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04/23/2013

A high-tech crossing for Big Bend

Earlier this month, after an 11-year wait, a border crossing re-opened that connects Big Bend National Park and the tiny Mexican town of Boquillas.

Visitors who show up there scan their documents in a machine and converse remotely with a Customs and Border Protection agent more than 300 miles away in El Paso. Okay, you get the point, it's kind of an honor system. If there's a problem, apparently rangers from the national park or Border Patrol agents would arrive.

The video above is from Angela Kocherga and gives an idea of the remoteness of the place. You can actually wade across the Rio Grande there at many times of the year. Boquillas isn't much of a place. According to this Texas Monthly article, it's 150 miles (or five hours on a bus) from the nearest larger town, Melchor Muzquiz.

But it does have its charms, including a Mexican gentleman, Victor Valdez, who serenades those crossing the river with Mexican ballads like Cielito Lindo.

The re-opening also drew the attention of John MacCormack, a veteran San Antonio Express News writer, who noted in this article that many of the Mexicans in the village have stronger ties with the United States than with Mexico:

Food, gasoline, mail and hard cash came from the United States, medical emergencies often were treated in American hospitals and friendships with folks in the Big Bend region went back decades.

That all changed in May 2002, when the crossing was closed as part of a dramatic tightening of the border. With the town's lifeblood gone, many people moved away.

MacCormack went on to note that few thought the Boquillas crossing would ever reopen after terrorism came to the fore with the Sept. 11 attacks.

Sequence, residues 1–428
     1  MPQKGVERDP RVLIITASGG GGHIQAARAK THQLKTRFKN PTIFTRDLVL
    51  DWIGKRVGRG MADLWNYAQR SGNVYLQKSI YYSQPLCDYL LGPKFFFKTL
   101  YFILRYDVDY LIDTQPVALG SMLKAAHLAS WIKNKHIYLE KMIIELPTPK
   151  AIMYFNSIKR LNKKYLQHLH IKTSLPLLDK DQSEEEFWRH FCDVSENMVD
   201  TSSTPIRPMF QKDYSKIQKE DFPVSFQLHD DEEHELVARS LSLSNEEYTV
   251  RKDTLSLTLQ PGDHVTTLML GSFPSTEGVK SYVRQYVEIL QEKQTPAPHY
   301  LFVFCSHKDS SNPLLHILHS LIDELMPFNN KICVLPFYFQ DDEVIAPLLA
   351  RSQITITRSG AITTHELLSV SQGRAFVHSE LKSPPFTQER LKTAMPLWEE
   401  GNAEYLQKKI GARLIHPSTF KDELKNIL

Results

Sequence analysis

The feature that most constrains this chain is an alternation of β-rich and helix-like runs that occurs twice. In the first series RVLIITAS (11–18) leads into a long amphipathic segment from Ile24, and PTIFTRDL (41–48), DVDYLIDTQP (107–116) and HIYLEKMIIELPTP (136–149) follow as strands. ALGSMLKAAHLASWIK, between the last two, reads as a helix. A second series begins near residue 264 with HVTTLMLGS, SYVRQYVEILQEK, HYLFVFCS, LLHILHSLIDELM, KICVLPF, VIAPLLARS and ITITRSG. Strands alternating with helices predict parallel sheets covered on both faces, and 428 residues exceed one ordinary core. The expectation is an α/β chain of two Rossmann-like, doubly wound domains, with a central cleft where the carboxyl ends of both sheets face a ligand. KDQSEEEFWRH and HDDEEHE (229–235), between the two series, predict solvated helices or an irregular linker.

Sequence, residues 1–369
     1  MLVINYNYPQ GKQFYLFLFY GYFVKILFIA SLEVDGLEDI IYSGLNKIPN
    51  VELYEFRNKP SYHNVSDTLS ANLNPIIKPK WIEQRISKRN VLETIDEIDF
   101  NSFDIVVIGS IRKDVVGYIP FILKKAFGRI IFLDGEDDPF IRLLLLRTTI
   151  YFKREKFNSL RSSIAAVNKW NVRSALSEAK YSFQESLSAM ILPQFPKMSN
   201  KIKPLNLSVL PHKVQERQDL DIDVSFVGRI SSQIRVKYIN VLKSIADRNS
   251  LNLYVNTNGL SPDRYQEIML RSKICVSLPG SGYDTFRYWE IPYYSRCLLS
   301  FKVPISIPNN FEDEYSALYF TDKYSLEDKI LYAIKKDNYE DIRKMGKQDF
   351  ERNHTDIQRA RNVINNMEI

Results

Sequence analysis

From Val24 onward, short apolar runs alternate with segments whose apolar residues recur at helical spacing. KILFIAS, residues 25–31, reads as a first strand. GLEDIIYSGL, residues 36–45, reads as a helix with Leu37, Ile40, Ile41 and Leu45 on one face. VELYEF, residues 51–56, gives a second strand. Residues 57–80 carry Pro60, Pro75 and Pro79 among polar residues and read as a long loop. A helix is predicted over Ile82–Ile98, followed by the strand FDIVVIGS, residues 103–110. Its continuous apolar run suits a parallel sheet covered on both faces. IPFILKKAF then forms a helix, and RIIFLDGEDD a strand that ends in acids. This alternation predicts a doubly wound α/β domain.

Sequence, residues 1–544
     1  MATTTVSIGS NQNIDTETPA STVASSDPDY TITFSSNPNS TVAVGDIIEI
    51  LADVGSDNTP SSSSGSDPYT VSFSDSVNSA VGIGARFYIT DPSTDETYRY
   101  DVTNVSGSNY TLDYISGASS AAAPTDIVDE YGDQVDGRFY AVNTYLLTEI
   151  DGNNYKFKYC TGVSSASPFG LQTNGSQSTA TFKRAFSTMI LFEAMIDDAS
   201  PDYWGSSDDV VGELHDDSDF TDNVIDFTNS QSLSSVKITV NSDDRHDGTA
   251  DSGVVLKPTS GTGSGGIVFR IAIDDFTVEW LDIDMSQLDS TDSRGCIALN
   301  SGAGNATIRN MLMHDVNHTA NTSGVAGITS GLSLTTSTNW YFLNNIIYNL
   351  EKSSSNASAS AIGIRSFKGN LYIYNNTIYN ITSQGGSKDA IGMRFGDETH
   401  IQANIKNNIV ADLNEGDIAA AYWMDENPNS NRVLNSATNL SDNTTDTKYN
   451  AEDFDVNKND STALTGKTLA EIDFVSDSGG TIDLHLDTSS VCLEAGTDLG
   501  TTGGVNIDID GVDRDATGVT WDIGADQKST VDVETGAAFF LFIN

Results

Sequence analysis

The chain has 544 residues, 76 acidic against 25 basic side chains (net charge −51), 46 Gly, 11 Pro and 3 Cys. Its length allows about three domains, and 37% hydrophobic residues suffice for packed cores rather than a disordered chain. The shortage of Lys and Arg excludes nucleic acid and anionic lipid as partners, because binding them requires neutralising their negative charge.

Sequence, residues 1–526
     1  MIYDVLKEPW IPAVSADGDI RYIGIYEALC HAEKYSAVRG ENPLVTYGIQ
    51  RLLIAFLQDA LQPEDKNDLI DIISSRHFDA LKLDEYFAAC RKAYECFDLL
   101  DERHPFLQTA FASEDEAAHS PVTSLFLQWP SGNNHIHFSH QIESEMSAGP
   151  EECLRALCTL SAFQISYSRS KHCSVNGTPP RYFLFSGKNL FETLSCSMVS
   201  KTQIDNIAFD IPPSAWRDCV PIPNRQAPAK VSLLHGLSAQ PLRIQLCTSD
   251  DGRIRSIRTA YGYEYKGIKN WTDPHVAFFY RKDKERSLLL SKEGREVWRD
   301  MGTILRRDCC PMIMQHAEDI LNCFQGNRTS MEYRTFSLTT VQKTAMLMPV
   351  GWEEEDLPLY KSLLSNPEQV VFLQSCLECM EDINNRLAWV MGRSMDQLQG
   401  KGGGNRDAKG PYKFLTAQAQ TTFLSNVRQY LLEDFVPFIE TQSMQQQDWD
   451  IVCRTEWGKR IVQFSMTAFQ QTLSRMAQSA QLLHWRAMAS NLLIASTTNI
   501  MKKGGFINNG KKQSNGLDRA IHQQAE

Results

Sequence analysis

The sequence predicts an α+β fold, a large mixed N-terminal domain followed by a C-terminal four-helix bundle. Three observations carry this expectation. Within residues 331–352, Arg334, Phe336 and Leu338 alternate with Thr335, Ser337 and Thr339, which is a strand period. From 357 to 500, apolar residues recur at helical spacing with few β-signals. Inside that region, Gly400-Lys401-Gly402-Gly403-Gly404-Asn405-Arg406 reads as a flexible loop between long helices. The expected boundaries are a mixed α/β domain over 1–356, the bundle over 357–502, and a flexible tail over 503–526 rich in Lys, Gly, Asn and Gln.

Last week, after years of work by officials in both countries, what many thought impossible in an age when "border security" is a hot-button political issue, quietly became a reality.

Enjoying a couple of cold ones at the Park Bar were two officials from U.S. Customs and Border Protection national headquarters who were tasting the fruits of the successful project.

"We've been coming all the way from Washington for the last three years. We basically worked alongside the National Park Service," said Bryan Kegley, a CBP program manager.

"I think it's going to be great for the park and the river outfitters, and it's certainly going to be great for Boquillas," he said.

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pink schnoid

I have always wanted to go there just for the isolation and in addition to see the area that Pablo Acosta, pioneer narco, used to work back in the 70s....back then drugs were literally sold from bank to bank of the Rio Grande (or Colorado, depending how you look at it)...hippies and frat kids would line up like waiting for a popcorn concession....mules were used, literally...the animal kind of mule

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Tim

This blog is written by Tim Johnson, the Mexico bureau chief for McClatchy Newspapers.

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